While nearly everyone agrees that prescription drug prices in America are much too high, there remains little agreement in Washington about what exactly should be done to address the problem. And now, it seems not even all Democrats are on the same page about it.
House Speaker Nancy Pelosi (D-CA) has been trumpeting H.R. 3, a partisan package to cut drug prices, for years. But according to Politico, she’s now facing opposition to the legislation not just from Republicans, but also from at least 10 moderate House Dems.
Given their slim majority in the lower chamber, Pelosi-led Democrats can only afford to lose the support of two or three members of their caucus if they want to push the bill through to President Joe Biden’s desk — meaning those 10 Dems could effectively block the measure from ever coming to fruition, if they indeed defect.
Bucking the trend
Leading the charge in betraying Pelosi on the topic of H.R. 3 is Rep. Scott Peters, a Democrat from California who drafted a letter earlier this month urging Pelosi to drop her plans to force the legislation through the House on a party-line vote.
Instead, he and others said Democrat House leaders ought to “work collaboratively” on the bill with Republicans in the House and the evenly split Senate, as well as President Joe Biden’s White House and industry stakeholders.
“It is imperative that we pass legislation that can reach the President’s desk to deliver on our promise of bringing down health care costs for the American people,” the letter, which was shared by Politico, read in part. “To achieve this, we must garner bipartisan, bicameral support, with buy-in from a majority of Americans and stakeholders in the public and private sectors.”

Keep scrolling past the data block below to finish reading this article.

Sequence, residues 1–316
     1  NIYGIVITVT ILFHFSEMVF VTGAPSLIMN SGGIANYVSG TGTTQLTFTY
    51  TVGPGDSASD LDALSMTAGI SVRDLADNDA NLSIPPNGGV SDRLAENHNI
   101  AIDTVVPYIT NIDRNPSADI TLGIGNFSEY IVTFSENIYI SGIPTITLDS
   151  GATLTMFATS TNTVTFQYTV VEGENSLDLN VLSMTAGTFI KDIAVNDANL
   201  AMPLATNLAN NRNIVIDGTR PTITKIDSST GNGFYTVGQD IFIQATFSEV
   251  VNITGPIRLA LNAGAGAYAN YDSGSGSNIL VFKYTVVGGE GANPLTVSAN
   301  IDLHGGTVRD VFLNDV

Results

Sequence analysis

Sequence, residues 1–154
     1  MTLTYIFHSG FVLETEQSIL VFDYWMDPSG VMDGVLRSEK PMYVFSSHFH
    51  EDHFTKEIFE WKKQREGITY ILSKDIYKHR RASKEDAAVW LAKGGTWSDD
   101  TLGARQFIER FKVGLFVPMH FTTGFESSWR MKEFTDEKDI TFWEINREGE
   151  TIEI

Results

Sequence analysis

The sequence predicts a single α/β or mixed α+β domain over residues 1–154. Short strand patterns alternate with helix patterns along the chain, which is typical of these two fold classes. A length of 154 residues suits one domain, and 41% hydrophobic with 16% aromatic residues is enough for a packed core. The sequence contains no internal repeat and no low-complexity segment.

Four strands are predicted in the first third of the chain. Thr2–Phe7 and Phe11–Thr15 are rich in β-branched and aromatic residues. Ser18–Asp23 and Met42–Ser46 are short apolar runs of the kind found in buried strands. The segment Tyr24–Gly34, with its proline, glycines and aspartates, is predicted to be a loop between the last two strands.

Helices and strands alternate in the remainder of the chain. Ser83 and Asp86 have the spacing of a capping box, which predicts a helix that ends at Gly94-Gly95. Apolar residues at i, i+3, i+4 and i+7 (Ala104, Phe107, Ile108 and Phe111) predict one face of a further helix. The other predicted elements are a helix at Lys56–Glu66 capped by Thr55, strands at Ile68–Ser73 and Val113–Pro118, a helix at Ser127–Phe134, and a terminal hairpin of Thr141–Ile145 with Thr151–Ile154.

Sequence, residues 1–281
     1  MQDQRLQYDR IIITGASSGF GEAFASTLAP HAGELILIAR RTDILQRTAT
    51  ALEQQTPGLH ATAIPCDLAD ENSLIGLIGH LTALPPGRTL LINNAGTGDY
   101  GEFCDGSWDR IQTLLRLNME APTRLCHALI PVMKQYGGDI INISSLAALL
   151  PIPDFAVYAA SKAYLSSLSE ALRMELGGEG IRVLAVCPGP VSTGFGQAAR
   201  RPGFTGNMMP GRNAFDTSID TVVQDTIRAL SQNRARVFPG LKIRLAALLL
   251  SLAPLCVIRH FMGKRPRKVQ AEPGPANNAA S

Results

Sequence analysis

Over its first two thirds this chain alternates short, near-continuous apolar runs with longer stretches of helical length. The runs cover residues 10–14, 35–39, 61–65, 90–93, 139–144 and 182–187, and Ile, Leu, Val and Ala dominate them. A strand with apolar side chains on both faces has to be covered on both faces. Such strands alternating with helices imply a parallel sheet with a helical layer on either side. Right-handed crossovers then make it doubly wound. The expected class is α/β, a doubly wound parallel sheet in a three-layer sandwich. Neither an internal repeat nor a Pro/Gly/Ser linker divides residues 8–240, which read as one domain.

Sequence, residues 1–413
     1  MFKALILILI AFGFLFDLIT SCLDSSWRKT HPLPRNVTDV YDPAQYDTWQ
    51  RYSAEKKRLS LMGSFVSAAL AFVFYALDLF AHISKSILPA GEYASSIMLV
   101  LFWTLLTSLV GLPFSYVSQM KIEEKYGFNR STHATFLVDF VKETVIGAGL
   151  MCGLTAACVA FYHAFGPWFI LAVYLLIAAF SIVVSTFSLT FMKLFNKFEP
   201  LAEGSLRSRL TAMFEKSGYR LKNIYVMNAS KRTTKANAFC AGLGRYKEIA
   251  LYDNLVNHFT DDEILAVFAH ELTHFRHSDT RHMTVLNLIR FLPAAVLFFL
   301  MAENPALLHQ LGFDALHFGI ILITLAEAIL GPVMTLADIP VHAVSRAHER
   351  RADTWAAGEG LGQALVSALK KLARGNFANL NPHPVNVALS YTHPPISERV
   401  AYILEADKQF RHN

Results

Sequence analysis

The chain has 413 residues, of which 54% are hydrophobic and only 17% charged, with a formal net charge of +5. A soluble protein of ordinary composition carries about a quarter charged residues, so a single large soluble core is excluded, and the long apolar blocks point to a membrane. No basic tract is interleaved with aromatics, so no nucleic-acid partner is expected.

In addition to Peters, Democrat Reps. Jake Auchincloss of Massachusetts, Kurt Schrader of Oregon, Kathleen Rice of New York, and Stephanie Murphy of Florida also signed onto the letter, as did Reps. Lou Correa (D-CA), Marilyn Strickland (D-WA), Frank Mrvan (D-IN), Josh Gottheimer (D-NJ), Tony Cardenas (D-CA).
A look ahead
The group suggested in their message to Pelosi that H.R. 3 be scaled back from its original form and focus only on smaller, incremental changes that have broad support among legislators in both parties.
One option for that comes in the form of a bipartisan bill put together by Sens. Chuck Grassley (R-IA) and Ron Wyden (D-OR). The law would largely focus on reducing drug costs for seniors and preventing prices from rising too fast.
As Politico notes, even that measure has faced some opposition within the GOP for giving the federal government too heavy of a hand on the free market. But with midterms looming, time is running out for Democrats who promised their constituents that change would be coming — and they may soon find that voters aren’t happy with their lack of action.
That doesn’t mean H.R. 3 is the solution, though, as Calvin Moore, communications director for the conservative-leaning American Action Network (AAN), pointed out in a Wednesday statement describing the legislation as “Pelosi’s socialist prescription drug takeover plan.”
“Even Congressional liberals are sounding the alarm on Pelosi’s proposal because they know it will send jobs to China and limit access to breakthrough new medications,” Moore said. “Speaker Pelosi and House Democrats thinking of voting for this dangerous bill should heed their colleagues’ warnings and return to the negotiating table for bipartisan reforms that will not threaten our health or national security,” he added.